Got the post-Enron jitters? Crave insight into the companies whose stock you hold? Then don’t throw away those snooze-inducing proxy statements. “If you don’t pay attention to these statements, you can get in trouble,” says shareholder activist Nell Minow, whose Corporate Library Web site lists CEOs’ employment contracts. By examining federal filings, Minow says, she and her colleagues saw red flags at Enron in early 2000. Among the questions to ask: Are directors invested? If board members hold little or no stock in the company, perhaps you shouldn’t either. “That’s how we figured Enron would have problems,” Minow says. “They tied for last place in our database of director stock ownership.”      

Who’s on the audit committee? Remember, O. J. Simpson once sat on the audit committee of Infinity Broadcasting. “All the members don’t have to be CPAs, but if they go out of their way to get English professors and ex-football players, they don’t want the numbers scrutinized,” Minow warns.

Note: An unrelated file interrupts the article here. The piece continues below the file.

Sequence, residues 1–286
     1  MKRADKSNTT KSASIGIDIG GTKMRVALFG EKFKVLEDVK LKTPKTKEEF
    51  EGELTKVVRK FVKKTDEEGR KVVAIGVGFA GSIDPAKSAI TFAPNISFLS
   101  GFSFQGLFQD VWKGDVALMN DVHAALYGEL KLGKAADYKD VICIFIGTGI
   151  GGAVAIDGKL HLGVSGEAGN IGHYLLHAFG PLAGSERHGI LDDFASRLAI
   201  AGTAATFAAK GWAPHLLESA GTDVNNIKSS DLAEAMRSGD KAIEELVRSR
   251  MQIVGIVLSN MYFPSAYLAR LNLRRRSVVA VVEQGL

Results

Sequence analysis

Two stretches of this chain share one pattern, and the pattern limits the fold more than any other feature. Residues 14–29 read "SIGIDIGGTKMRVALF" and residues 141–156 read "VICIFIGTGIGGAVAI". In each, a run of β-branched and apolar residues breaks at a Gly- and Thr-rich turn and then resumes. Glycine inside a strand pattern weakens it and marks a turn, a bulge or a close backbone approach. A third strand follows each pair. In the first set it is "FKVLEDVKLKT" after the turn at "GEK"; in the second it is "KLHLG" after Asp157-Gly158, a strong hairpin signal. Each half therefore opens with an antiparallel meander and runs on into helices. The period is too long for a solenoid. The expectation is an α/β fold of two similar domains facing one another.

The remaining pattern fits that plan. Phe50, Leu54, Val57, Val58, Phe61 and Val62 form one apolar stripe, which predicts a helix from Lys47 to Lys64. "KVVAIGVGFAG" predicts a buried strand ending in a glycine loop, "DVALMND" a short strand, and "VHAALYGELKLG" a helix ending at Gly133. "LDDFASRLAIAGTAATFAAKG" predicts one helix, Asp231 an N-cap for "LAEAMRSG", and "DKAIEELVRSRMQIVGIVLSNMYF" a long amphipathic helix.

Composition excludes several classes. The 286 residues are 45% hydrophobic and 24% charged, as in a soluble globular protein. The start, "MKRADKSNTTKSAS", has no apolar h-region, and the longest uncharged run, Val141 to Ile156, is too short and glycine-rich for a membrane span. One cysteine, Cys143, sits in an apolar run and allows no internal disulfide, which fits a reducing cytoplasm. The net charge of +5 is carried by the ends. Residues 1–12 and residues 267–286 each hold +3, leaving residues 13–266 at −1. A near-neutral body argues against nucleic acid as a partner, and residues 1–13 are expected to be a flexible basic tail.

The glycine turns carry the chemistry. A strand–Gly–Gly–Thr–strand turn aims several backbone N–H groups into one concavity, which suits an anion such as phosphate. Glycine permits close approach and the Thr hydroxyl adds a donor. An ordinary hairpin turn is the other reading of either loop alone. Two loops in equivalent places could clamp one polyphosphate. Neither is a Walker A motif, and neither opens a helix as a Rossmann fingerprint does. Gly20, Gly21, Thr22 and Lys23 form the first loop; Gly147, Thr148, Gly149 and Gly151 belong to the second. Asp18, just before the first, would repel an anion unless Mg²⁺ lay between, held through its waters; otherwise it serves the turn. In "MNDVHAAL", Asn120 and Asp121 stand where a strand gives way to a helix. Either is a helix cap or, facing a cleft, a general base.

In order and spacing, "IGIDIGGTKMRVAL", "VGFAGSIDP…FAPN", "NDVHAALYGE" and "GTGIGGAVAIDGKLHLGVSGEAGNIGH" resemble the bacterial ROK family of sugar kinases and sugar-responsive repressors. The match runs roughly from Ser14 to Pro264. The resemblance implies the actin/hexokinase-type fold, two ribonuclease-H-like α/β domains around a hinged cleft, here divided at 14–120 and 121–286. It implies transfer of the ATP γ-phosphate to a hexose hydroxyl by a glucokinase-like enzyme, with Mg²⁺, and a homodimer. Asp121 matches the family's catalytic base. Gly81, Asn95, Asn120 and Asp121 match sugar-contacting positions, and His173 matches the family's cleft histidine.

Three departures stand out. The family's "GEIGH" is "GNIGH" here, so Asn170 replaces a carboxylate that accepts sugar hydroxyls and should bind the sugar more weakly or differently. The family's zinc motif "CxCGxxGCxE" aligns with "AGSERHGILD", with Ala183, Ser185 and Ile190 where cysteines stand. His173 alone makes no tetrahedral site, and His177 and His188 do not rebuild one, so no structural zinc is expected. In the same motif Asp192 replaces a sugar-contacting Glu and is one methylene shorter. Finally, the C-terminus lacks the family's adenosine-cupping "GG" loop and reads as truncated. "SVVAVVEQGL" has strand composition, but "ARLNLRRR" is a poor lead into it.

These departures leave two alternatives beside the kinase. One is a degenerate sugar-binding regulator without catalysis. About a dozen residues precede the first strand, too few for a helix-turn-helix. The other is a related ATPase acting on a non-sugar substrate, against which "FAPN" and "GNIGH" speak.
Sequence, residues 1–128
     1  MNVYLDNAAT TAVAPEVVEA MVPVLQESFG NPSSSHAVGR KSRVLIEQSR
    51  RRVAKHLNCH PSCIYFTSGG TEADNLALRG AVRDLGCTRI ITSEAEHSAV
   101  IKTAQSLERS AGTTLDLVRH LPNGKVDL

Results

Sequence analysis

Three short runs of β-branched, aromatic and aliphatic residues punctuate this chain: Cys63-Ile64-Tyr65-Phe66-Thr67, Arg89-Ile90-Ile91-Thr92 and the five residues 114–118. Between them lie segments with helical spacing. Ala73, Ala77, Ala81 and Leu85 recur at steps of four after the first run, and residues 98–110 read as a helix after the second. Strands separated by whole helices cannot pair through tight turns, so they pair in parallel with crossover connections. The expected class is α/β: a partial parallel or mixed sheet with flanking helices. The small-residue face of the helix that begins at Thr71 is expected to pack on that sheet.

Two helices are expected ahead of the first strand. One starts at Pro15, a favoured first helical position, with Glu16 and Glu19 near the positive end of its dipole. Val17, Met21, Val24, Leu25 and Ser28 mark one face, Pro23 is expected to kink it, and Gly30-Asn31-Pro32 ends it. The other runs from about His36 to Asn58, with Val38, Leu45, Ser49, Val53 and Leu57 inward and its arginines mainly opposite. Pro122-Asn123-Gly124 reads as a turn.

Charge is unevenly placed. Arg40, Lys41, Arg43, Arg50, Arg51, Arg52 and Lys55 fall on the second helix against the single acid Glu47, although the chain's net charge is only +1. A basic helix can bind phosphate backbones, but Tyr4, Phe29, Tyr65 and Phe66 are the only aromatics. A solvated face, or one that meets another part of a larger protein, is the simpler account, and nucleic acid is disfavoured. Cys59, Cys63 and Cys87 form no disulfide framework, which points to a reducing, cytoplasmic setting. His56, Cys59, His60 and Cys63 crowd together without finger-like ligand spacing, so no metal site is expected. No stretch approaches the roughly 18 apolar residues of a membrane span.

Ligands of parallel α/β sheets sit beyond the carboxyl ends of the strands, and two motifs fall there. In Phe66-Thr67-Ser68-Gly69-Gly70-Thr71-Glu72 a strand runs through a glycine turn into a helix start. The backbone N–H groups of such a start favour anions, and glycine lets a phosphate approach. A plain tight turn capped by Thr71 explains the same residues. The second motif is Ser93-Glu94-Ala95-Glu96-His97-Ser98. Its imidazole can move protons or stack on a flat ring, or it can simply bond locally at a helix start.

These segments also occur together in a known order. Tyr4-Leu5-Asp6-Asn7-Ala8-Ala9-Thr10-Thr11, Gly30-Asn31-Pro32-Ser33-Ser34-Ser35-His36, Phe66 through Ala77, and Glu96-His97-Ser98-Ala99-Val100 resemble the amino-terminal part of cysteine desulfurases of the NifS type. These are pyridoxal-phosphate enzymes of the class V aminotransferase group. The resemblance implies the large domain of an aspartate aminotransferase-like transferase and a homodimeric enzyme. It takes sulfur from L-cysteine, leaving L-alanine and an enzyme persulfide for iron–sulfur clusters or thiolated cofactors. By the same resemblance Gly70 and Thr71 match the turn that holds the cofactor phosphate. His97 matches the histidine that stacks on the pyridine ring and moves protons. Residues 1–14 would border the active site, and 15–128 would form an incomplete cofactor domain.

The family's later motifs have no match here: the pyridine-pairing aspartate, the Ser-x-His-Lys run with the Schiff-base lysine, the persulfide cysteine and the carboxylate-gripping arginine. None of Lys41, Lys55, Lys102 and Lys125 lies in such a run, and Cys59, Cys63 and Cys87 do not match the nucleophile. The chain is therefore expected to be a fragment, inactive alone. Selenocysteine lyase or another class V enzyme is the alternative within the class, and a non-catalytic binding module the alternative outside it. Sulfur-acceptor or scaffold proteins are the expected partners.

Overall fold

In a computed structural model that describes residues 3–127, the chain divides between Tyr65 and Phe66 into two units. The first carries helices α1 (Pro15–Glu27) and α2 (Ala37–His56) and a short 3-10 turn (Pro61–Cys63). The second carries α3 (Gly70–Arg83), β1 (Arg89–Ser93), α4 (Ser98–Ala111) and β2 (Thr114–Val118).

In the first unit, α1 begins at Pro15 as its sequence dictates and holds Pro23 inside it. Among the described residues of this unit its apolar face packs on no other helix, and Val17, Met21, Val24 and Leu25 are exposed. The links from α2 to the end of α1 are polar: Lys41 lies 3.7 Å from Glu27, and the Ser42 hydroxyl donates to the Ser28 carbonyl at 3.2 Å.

Who’s got a beef? Anyone holding more than $2,000 worth of stock can submit a shareholder proposal; look for signs of discontent from heavyweight pension-fund investors and others with large stakes in the company. A raft of proposals can indicate a board unwilling to negotiate.

Minow also suggests checking insider transactions. “Who is selling stock? That’s what Wall Street looks at, and you should, too.”

Eric Hirst, an associate professor of accounting at the University of Texas at Austin, adds a cautionary note. “If you’re going to use financial statements to make investing decisions, you need to know how they were generated,” says Hirst. “If we go in thinking these nice laser-printed numbers are all truth and beauty, we’re fooling ourselves.”

Visit the Securities and Exchange Commission’s EDGAR site (www.freeedgar.com) for company financial statements, insider transaction notices, and other info-rich filings.